Aviation Maintenance

To keep aircraft in peak operating condition, aircraft and avionics equipment mechanics and service technicians perform scheduled maintenance, make repairs, and complete inspections required by the Federal Aviation Administration (FAA).

Many aircraft mechanics, also called airframe, powerplant, and avionics aviation maintenance technicians, specialize in preventive maintenance. They inspect engines, landing gear, instruments, pressurized sections, accessories—brakes, valves, pumps, and air-conditioning systems, for example—and other parts of the aircraft, and do the necessary maintenance and replacement of parts. Inspections take place following a schedule based on the number of hours the aircraft has flown, calendar days since the last inspection, cycles of operation, or a combination of these factors. Large, sophisticated planes are equipped with aircraft monitoring systems, consisting of electronic boxes and consoles that monitor the aircraft’s basic operations and provide valuable diagnostic information to the mechanic. To examine an engine, aircraft mechanics work through specially designed openings while standing on ladders or scaffolds, or use hoists or lifts to remove the entire engine from the craft. After taking an engine apart, mechanics use precision instruments to measure parts for wear and use x-ray and magnetic inspection equipment to check for invisible cracks. Worn or defective parts are repaired or replaced. Mechanics may also repair sheet metal or composite surfaces, measure the tension of control cables, and check for corrosion, distortion, and cracks in the fuselage, wings, and tail. After completing all repairs, they must test the equipment to ensure that it works properly.

Job Outlook and Growth Potential:

Opportunities for aircraft and avionics equipment mechanics and service technician jobs should be excellent for persons who have completed aircraft mechanic training programs. Employment of aircraft mechanics is expected to increase about as fast as the average for all occupations through the year 2012, and large numbers of additional job openings should arise from the need to replace experienced mechanics who retire. Avionics technicians are projected to increase at a slower than average rate. Despite the long-term forecast, these occupations are currently in a period of little to no growth. Reduced passenger traffic resulting from a weak economy and the events of September 11, 2001, have forced airlines to cut back flights and take aircraft out of service. As the economy improves and public reluctance to board aircraft decreases, a growing population should increase passenger traffic and create the need for more aircraft mechanics and service technicians over the next decade. If the number of graduates from aircraft mechanic training programs continues to fall short of employer needs, opportunities for graduates of mechanic training programs should be excellent.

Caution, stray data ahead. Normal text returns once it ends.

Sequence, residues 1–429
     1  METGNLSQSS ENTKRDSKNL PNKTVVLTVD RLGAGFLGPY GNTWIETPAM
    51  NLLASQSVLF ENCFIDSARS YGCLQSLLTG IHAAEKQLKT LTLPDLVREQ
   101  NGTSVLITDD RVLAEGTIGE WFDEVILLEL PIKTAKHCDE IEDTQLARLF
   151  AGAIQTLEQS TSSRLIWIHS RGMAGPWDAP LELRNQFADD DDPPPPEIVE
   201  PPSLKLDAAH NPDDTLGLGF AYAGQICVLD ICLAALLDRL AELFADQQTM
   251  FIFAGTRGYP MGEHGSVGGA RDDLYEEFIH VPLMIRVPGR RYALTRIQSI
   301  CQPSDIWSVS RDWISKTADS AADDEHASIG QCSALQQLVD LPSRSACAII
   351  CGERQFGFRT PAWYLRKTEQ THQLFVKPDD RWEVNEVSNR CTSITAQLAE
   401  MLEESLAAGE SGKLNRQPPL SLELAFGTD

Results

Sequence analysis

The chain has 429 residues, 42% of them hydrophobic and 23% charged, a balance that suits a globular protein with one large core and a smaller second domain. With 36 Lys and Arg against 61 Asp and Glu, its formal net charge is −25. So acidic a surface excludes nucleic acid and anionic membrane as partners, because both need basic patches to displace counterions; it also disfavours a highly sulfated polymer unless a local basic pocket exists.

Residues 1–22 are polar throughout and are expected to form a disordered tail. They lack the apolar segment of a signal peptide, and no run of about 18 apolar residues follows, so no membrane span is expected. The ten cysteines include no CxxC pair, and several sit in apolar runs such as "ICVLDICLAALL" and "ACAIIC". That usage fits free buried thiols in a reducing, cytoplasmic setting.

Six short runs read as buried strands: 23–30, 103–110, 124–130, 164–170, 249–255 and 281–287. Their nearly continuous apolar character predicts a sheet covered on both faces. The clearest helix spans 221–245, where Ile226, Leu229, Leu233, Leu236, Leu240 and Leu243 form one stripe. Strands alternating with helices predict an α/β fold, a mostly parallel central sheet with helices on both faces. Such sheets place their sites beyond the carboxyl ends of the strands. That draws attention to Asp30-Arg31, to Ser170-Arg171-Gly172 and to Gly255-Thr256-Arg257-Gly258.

Job opportunities are likely to be the best at small commuter and regional airlines, at FAA repair stations, and in general aviation. Commuter and regional airlines are the fastest growing segment of the air transportation industry, but wages in these companies tend to be lower than those in the major airlines, so they attract fewer job applicants. Also, some jobs will become available as experienced mechanics leave for higher paying jobs with the major airlines or transfer to another occupation. At the same time, general aviation aircraft are becoming increasingly sophisticated, boosting the demand for qualified mechanics. Mechanics will face more competition for jobs with large airlines because the high wages and travel benefits that these jobs offer generally attract more qualified applicants than there are openings. In spite of this, job opportunities with the airlines are expected to be better than they have been in the past. But, in general, prospects will be best for applicants with experience. Mechanics who keep abreast of technological advances in electronics, composite materials, and other areas will be in greatest demand. The number of job openings for aircraft mechanics in the Federal Government should decline as the government increasingly contracts out service and repair functions to private repair companies.

Wages and Earnings Potential:

Median hourly earnings of aircraft mechanics and service technicians were about $20.71 in 2002. The middle 50 percent earned between $16.94 and $25.23. The lowest 10 percent earned less than $13.16, and the highest 10 percent earned more than $28.92. Median hourly earnings in the industries employing the largest numbers of aircraft mechanics and service technicians in 2002 were:

Air transportation, scheduled $23.48
Federal Government $20.59
Air transportation, nonscheduled $19.84
Aerospace product and parts manufacturing $19.68
Support activities for air transportation $17.64

Mechanics who work on jets for the major airlines generally earn more than those working on other aircraft. Airline mechanics and their immediate families receive reduced-fare transportation on their own and most other airlines.

Almost 4 in 10 aircraft and avionics equipment mechanics and service technicians are members of or covered by union agreements. The principal unions are the International Association of Machinists and Aerospace Workers and the Transport Workers Union of America. Some mechanics are represented by the International Brotherhood of Teamsters.

Related Careers:
Automotive Maintenance
Power Technology

Schools Offering Programs for this Career:
Columbus State Community College

Copyright © 2014, Ohio's 2-Year Council of Deans and Directors of Engineering & Industrial Technologies

Career information from Bureau of Labor Statistics, U.S. Department of Labor,
Occupational Outlook Handbook, 2004-05 Edition and member schools.